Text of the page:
World Bulletin / News Desk
“The deepest fault lines of our democracy have suddenly been exposed, perhaps even widened,” Obama said during an emotional memorial service for the slain officers in Dallas. “And although we know that such divisions are not new, though they've surely been worse in even the recent past, that offers us little comfort.”
The shootings were the deadliest episode for U.S. law enforcement officers since the Sept. 11, 2001 terror attacks in which 71 officers were killed.
In Dallas, officers last Thursday were guarding demonstrators protesting against the fatal shootings of black men by police in Louisiana and Minnesota earlier in the week.
Police said the alleged shooter, Micah Xavier Johnson, said he wanted to kill white people, particularly white officers, in the wake of the fatal police shootings of black men.
During a long standoff, police used a bomb-laden robot to kill Johnson, a black Army veteran.
Of those killed on the night of July 7, four officers were white and one was Hispanic.
"With an open heart, we can worry less about which side has been wronged, and worry more about joining sides to do right," Obama said, "because the vicious killer of these police officers won't be the last person who tries to make us turn on one another."
Before Obama delivered his remarks, the White House said Johnson's “actions were motivated by racial hatred” and “the hate crime laws that we have on the books don't exist just to protect black people or minorities. They're there to protect all Americans”.
During his address, Obama urged unity at a time when divisions appear to some to be insurmountable.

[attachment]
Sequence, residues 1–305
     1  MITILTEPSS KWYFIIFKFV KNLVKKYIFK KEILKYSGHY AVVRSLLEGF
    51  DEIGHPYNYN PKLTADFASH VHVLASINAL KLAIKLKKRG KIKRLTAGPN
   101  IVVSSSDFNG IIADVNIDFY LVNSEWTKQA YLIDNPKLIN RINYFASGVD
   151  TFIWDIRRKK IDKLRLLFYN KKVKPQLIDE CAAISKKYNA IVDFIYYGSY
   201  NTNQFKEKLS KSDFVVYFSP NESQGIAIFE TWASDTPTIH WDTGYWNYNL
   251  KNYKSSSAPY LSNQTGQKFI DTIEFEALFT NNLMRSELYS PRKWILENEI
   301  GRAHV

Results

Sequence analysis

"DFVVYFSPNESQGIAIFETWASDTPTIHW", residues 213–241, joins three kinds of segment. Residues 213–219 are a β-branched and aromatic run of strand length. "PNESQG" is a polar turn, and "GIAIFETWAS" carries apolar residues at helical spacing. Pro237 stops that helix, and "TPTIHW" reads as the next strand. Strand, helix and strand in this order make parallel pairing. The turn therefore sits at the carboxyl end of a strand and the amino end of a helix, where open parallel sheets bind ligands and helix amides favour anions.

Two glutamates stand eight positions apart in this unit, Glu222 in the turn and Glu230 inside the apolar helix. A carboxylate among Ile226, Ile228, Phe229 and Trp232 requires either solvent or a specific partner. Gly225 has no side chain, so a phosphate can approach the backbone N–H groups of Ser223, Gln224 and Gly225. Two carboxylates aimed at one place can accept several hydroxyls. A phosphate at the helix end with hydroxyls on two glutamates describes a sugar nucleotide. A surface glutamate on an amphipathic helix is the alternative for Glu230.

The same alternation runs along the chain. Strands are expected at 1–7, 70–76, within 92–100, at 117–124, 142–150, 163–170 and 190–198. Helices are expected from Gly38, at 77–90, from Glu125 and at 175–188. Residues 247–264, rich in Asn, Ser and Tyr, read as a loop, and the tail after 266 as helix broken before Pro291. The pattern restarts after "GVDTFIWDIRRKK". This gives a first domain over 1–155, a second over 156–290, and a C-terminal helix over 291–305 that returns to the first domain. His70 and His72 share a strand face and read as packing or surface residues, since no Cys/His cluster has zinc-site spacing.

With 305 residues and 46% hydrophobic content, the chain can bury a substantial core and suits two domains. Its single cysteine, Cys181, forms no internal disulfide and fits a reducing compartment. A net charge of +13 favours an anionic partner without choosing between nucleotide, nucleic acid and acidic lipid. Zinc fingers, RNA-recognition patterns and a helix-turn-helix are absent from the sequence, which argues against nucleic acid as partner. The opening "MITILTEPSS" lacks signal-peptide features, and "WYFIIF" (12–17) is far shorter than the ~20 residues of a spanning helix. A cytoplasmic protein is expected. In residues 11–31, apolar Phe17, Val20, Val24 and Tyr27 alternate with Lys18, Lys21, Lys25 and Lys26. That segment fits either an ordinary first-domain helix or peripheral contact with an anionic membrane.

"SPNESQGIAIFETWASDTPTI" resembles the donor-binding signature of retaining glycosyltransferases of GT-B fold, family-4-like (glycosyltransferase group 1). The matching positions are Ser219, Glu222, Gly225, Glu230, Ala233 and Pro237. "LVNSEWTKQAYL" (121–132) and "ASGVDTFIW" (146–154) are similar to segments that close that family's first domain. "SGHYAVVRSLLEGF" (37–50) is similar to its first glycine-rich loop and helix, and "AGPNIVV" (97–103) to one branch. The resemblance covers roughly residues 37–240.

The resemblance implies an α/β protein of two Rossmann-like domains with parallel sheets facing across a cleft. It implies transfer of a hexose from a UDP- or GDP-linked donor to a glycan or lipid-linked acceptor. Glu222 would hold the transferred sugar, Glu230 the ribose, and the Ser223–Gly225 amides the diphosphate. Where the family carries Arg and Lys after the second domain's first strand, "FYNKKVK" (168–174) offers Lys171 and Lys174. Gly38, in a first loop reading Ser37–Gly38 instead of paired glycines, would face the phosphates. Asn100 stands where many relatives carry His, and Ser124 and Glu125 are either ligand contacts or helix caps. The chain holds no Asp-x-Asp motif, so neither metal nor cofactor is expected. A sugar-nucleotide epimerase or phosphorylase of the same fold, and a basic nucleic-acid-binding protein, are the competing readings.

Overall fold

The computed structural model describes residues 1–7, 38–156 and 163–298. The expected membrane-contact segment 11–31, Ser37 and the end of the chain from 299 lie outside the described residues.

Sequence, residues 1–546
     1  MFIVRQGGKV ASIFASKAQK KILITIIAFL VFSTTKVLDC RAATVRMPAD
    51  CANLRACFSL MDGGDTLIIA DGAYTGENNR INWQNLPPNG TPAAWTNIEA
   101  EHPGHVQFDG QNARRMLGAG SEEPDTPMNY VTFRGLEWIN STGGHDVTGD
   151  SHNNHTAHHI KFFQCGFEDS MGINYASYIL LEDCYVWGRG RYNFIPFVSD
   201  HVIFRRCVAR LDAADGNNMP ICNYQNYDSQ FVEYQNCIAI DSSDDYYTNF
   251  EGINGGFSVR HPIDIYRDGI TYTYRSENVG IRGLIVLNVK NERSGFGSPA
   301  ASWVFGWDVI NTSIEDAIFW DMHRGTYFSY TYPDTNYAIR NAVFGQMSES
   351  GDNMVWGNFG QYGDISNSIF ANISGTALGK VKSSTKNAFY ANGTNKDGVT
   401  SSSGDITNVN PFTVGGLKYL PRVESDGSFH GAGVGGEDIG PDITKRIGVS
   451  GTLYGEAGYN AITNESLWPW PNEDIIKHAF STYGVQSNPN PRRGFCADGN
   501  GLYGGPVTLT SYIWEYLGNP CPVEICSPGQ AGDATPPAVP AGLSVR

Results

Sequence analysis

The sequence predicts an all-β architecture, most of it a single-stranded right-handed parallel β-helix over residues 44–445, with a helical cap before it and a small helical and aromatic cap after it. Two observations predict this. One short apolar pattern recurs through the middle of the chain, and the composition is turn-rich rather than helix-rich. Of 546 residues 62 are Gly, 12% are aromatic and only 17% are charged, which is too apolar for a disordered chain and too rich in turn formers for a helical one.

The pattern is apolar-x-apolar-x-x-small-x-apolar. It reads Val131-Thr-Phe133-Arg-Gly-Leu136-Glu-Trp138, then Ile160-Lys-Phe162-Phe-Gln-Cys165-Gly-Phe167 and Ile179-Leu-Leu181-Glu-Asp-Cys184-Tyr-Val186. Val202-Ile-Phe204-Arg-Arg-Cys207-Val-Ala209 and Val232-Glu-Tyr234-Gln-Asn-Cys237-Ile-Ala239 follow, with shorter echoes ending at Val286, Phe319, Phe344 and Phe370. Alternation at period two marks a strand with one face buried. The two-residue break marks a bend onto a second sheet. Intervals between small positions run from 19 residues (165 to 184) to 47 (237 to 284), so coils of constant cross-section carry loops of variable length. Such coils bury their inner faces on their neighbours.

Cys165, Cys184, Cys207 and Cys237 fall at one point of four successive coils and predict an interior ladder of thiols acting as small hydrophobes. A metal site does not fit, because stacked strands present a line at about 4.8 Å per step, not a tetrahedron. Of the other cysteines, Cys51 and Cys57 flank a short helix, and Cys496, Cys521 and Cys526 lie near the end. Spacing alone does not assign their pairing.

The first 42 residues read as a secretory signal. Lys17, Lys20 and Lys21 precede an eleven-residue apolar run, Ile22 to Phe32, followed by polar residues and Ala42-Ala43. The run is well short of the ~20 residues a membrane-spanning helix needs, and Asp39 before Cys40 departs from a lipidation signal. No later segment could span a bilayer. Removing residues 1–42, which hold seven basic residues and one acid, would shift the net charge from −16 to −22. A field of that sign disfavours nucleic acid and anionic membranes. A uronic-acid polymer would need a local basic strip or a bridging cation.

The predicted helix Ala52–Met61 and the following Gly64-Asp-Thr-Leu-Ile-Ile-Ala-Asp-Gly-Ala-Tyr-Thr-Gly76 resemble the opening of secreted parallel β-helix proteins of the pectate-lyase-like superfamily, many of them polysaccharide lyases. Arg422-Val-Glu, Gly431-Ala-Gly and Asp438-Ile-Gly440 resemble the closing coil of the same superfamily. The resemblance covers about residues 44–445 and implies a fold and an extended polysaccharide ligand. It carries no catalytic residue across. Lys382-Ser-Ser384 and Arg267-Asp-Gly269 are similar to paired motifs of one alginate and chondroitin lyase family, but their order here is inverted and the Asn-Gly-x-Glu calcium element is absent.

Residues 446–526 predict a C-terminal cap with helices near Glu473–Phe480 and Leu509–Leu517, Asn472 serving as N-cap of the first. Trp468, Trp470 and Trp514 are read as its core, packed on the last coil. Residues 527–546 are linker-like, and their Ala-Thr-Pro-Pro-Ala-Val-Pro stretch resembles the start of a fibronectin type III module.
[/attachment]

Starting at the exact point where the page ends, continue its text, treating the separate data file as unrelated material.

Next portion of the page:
“It's hard not to think sometimes that the center won't hold and that things might get worse,” he said.
“I understand. I understand how Americans are feeling. But Dallas, I'm here to say we must reject such despair. I'm here to insist that we are not as divided as we seem,” he added. “I believe our righteous anger can be transformed into more justice and more peace.”
On the flight to Dallas, Obama called the family members of Alton Sterling and Philando Castile, the men killed in Louisiana and Minnesota, to offer condolences on behalf of the first family, according to the White House.
Speaking prior to Obama, former President George W. Bush, who resides in suburban Dallas, echoed Obama's sentiment saying that more must be done to achieve national unity.
"At times it feels like the forces pulling us apart are stronger than the forces binding us together," Bush said. "Too often we judge other groups by their worst examples, while judging ourselves by our best intentions. And this has strained our bonds of understanding and common purpose,” he added.